Results 1–20 of 5000 for (in the 'Commons debates' OR in the 'Westminster Hall debates' OR in the 'Lords debates' OR in the 'Northern Ireland Assembly debates') speaker:Baroness Williams of Trafford

Public Spaces Protection Orders - Question (11 Jul 2019)

Baroness Williams of Trafford: My Lords, we introduced public spaces protection orders, or PSPOs, through the Anti-social Behaviour, Crime and Policing Act 2014 to enable local councils to tackle anti-social behaviour in public spaces. The Home Office does not centrally collate data on the number issued. Our statutory guidance makes clear that PSPOs should be used appropriately and proportionately. The effect of the powers...

Public Spaces Protection Orders - Question (11 Jul 2019)

Baroness Williams of Trafford: I thank the noble Lord for his kind words. He is absolutely right: following his concerns and those of the noble Lord, Lord Kennedy of Southwark, 18 months ago we published the updated statutory guidance to make it clear that PSPOs should not be used to target people based solely on their being homeless. As I said, they should be used proportionately and appropriately.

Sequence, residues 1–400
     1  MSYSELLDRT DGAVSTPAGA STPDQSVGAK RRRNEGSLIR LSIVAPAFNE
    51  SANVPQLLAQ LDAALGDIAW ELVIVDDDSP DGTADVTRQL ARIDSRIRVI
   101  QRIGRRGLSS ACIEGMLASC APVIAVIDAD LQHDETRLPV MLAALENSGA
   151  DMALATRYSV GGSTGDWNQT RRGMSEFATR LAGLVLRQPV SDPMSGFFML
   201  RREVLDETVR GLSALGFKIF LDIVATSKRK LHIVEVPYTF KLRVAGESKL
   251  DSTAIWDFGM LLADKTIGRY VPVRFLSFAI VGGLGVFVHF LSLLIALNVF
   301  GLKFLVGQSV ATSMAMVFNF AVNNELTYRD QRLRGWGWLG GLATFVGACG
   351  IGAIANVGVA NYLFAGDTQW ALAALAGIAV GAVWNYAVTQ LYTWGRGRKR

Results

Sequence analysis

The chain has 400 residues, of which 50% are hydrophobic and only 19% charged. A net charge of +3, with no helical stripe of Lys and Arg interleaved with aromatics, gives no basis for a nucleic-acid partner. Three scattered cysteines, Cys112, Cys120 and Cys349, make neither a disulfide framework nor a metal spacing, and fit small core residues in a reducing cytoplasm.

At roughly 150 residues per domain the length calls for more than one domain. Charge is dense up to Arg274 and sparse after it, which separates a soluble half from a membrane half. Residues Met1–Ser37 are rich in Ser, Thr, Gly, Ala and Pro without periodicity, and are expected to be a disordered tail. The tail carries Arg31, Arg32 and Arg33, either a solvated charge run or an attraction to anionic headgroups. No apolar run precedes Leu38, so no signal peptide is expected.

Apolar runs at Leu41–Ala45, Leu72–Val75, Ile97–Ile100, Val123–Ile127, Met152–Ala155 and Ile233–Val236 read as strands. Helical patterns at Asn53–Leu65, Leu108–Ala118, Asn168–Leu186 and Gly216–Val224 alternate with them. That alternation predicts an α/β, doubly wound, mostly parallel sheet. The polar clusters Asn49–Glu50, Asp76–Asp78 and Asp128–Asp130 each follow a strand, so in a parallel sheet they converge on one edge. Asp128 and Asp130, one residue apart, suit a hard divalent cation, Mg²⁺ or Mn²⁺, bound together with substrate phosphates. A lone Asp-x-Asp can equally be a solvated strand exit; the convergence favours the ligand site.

Public Spaces Protection Orders - Question (11 Jul 2019)

Baroness Williams of Trafford: I do not think residents affected by anti-social behaviour would agree with the noble Earl. It is important that these powers are kept in force, as residents should be able to live their lives without the effects of anti-social behaviour—literally on their doorsteps in some cases.

Public Spaces Protection Orders - Question (11 Jul 2019)

Baroness Williams of Trafford: The noble Lord may be referring to the rough sleeping strategy and how the Home Office uses it. The Home Office is not looking to trick rough sleepers into providing their data to be used for enforcement purposes—a criticism that has been made against us. However, we have been working with local authorities and charities to design an information-sharing protocol that protects the rights of...

Public Spaces Protection Orders - Question (11 Jul 2019)

Baroness Williams of Trafford: The noble Lord will recognise that the reasons for rough sleeping are many and complex and the sole fact that someone is homeless is not, in itself, a reason to slap them with a PSPO. On housing, we are investing £9 billion in more affordable homes across the country and have delivered over 400,000 such homes since 2010.

Public Spaces Protection Orders - Question (11 Jul 2019)

Baroness Williams of Trafford: Policing is only one aspect of dealing with rough sleeping and homelessness, which are different things. The noble Lord is absolutely right that we need police on the streets, hence my right honourable friend the Home Secretary’s ambition to have far more of them. The rough sleeping initiative has allocated £46 million this year to 246 areas. This has funded an estimated additional 750...

Public Spaces Protection Orders - Question (11 Jul 2019)